Newtons/M for handrail

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Newtons/M for handrail

Postby scottc » Tue Feb 22, 2005 3:44 pm


We have developed a handrail system and are looking to do some tests to make sure that it meets certain standards.

The standards state that the handrail should be able to deal with a push load of up to '740 N/m' I assume this is 740 newtons per square metre?

If so this seems quite low for a handrail (only 74 kg) so i wondered if anybody knows how the testing would be achieved for this type of thing.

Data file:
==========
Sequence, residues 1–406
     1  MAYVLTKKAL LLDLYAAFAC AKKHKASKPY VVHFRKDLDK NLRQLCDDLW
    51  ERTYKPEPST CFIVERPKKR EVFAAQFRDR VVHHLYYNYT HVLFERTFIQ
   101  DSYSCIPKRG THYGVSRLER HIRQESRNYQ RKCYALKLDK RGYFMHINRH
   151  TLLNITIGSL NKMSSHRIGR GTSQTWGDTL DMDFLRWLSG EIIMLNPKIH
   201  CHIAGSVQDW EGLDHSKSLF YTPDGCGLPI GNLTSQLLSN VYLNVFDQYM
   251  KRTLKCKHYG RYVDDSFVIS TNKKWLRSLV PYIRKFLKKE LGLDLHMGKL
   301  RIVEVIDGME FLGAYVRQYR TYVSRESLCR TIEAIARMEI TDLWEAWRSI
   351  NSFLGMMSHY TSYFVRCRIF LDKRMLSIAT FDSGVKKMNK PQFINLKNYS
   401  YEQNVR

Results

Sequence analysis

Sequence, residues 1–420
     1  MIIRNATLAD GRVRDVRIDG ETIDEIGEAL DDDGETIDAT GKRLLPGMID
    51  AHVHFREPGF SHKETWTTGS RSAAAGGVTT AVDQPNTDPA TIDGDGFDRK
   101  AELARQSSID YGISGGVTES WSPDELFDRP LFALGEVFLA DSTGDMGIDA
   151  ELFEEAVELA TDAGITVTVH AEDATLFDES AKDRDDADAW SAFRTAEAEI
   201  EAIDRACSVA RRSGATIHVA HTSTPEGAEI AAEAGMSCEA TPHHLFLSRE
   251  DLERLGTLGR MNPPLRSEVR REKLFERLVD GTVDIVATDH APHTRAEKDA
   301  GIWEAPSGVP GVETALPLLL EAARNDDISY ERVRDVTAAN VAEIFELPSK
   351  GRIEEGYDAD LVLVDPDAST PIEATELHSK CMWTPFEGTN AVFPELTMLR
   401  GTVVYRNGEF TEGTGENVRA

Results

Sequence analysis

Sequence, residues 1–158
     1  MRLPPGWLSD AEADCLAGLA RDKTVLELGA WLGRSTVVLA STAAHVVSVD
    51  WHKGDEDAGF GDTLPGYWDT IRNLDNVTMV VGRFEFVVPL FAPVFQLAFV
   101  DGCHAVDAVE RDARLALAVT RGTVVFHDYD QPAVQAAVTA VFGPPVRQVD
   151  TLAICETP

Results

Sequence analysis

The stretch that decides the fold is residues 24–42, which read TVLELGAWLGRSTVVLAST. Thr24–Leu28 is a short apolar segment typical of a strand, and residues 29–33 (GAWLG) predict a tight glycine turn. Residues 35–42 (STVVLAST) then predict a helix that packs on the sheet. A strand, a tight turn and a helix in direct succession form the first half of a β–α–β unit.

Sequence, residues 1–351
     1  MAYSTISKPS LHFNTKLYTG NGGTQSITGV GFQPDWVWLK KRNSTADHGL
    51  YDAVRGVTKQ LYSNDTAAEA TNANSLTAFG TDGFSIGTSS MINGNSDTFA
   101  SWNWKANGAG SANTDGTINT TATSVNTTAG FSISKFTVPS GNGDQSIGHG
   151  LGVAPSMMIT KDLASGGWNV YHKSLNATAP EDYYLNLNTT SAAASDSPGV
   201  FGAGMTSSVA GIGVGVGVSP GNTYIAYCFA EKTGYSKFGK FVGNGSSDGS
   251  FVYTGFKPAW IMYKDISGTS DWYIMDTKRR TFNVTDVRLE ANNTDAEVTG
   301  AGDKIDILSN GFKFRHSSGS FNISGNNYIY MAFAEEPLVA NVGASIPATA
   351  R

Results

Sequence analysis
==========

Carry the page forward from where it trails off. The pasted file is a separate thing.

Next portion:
Any ideas would be appreciated.


Scott c

Postby Guest » Tue Apr 05, 2005 6:32 am

The units would make sense as a distributed load for analysis of a beam and its supports. I assume it means the load is 740 N for each meter of length of the handrail, uniformly distributed over the length. This might not be much stress for a commercial handrail, but I think it would stress the bannister on my staircase. ( 4 m x 740 n/m = 2960 N, about 665 pounds).

A crude test method would just load up a bunch of sandbags to the total required weight and uniformy distribute them down the rail, see if it breaks or rips off the wall.

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